More Information: For Committee Opinion #676—Health Literacy to Promote Quality of Care

The American College of Obstetricians and Gynecologists has identified additional resources on topics related to this document that may be helpful for ob-gyns, other health care practitioners, and patients. You may view these resources at www.acog.org/More-Info/HealthLiteracy.

These resources are for information only and are not meant to be comprehensive. Referral to these resources does not imply American College of Obstetricians and Gynecologists’ endorsement of the organization, the organization’s web site, or the content of the resource. The resources may change without notice.

Resources for Ob-Gyns and Women’s Health Care Providers

Patient Education Materials
With more than 150 titles in English and Spanish, ACOG patient education materials are the best source of peer-reviewed information specifically designed for patients. They promote understanding, encourage knowledgeable questions, and offer support for healthy decision-making among patients.

External Resources

“What Did the Doctor Say?” Improving Health Literacy to Protect Patient Safety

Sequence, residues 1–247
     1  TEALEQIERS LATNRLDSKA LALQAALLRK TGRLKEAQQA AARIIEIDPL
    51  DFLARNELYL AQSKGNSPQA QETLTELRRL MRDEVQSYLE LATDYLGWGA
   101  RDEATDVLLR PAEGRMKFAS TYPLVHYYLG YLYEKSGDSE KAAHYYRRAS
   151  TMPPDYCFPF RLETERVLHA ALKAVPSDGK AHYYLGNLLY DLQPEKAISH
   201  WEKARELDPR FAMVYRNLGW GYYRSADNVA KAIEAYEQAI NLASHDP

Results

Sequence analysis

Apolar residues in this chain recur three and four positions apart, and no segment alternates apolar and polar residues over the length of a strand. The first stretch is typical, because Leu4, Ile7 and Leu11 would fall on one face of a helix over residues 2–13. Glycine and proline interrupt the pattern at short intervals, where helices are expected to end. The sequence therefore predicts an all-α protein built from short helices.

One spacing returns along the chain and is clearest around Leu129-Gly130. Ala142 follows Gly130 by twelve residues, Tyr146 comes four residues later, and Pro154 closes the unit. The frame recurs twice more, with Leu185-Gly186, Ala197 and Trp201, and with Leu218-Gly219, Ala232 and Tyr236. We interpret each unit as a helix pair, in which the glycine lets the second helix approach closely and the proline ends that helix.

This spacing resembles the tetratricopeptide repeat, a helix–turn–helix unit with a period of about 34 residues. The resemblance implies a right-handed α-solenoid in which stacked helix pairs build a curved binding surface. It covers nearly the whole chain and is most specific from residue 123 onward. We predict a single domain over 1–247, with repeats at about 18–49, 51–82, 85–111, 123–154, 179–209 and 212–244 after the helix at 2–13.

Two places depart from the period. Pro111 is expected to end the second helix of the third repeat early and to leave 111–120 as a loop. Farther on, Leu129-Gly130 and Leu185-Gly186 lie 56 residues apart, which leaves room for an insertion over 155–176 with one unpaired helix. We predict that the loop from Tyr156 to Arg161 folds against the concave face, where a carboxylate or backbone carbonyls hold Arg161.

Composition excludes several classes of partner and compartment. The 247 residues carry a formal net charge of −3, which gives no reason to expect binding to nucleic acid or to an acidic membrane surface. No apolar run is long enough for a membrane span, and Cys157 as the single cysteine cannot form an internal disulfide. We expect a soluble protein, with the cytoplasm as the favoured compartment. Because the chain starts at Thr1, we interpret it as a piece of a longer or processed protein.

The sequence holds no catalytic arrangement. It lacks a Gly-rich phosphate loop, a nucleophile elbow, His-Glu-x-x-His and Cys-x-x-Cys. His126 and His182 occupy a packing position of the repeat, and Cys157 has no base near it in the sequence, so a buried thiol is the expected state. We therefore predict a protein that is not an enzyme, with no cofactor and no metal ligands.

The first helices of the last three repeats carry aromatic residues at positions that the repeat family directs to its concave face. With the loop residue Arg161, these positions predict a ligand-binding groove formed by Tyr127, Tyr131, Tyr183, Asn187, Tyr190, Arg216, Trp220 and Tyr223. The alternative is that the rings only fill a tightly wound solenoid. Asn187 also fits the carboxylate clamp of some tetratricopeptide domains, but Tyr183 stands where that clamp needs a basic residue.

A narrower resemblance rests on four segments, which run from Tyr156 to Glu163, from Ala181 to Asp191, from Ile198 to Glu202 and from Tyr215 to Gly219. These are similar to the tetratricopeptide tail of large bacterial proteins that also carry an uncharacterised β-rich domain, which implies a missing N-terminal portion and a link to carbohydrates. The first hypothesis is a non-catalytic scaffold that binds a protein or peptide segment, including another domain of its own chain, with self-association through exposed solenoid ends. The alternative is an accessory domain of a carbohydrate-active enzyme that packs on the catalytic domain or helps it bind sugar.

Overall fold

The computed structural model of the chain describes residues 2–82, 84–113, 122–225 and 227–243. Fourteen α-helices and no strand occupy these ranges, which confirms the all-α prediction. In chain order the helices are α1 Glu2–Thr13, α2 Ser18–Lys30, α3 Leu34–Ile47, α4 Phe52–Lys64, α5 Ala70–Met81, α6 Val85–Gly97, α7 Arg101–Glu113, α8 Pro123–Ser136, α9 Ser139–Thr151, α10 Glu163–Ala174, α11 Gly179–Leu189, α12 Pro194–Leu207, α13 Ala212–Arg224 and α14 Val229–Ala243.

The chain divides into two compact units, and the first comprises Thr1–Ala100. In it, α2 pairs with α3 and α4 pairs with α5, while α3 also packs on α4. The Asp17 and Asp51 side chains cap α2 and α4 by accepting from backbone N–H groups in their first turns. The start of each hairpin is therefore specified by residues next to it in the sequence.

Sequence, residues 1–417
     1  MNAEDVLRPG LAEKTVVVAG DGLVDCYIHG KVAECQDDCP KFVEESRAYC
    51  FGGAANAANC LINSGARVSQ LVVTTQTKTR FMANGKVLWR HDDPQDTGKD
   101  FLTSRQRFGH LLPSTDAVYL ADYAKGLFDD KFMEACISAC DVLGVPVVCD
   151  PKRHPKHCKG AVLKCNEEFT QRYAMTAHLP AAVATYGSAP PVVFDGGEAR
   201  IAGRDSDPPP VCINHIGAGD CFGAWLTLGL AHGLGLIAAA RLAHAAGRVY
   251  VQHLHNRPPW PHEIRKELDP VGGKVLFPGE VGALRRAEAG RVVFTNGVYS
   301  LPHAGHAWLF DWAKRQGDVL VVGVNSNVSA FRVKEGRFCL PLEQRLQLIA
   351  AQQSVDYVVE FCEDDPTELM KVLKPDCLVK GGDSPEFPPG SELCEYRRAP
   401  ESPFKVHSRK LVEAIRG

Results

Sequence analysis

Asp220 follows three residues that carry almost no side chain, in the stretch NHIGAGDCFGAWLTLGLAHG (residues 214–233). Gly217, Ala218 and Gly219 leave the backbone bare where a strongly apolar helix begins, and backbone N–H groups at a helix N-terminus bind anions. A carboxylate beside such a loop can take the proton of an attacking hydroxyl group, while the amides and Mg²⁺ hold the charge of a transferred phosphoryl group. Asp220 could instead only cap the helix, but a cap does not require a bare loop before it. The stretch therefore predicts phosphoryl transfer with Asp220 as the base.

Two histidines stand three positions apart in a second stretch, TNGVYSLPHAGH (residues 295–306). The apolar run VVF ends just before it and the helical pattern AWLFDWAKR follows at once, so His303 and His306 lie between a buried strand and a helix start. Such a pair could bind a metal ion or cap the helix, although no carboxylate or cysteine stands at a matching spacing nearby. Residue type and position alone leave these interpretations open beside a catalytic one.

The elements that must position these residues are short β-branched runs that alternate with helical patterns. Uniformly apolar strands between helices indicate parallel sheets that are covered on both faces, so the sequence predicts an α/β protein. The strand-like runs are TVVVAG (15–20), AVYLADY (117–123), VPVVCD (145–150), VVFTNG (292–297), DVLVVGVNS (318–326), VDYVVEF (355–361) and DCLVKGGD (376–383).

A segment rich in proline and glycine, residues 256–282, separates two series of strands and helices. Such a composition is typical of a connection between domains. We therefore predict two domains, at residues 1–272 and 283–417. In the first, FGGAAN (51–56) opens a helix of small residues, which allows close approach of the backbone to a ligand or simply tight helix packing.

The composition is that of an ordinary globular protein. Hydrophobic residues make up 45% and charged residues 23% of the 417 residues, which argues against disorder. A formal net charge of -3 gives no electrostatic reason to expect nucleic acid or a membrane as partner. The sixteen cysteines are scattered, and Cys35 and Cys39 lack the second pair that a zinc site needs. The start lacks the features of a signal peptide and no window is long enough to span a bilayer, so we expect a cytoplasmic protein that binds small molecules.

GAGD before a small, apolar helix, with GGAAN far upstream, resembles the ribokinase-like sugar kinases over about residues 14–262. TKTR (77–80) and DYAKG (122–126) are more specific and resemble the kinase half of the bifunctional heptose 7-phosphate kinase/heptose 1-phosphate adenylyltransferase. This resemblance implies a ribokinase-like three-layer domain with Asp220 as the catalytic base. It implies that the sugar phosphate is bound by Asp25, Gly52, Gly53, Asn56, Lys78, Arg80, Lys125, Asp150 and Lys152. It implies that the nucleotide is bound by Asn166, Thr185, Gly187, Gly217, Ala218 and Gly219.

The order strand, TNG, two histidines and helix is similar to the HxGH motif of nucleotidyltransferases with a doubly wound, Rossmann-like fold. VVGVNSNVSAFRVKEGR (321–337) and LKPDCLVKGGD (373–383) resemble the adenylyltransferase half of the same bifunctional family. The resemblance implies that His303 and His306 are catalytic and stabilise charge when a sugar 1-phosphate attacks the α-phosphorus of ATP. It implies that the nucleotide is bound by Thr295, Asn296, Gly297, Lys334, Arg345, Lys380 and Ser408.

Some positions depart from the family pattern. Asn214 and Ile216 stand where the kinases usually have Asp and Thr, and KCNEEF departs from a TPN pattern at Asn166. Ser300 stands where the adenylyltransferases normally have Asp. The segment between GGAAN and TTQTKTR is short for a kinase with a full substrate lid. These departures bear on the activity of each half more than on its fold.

This paper is a call to action by The Joint Commission for those who influence, develop or carry out policies that will lead the way in ensuring safe, high-quality health care.

AHRQ Health Literacy Universal Precautions Toolkit
The AHRQ Health Literacy Universal Precautions Toolkit, 2nd edition, is designed to help primary care practices reduce the complexity of health care, increase patient understanding of health information, and enhance support for patients of all health literacy levels.

Literacy, Numeracy, and Problem Solving in Technology-rich Environments among U.S. Adults: Results from the Program for the International Assessment of Adult Competencies 2012 
This is a report of a study of the Program for International Assessment of Adult Competency (PIAAC), conducted by the U.S. Department of Education’s National Center for Education Statistics in 2011-12. The study’s goal was to assess and compare the basic skills and the broad range of competencies of adults around the world.

Simply Put: A Guide for Creating Easy-to-understand Materials.
The guidance in Simply Put, published by the Centers for Disease Control and Prevention, helps readers to transform complicated scientific and technical information into communication materials that audiences can relate to and understand. The guide provides practical ways to organize information and use language and visuals.

American Congress of Obstetricians and Gynecologists
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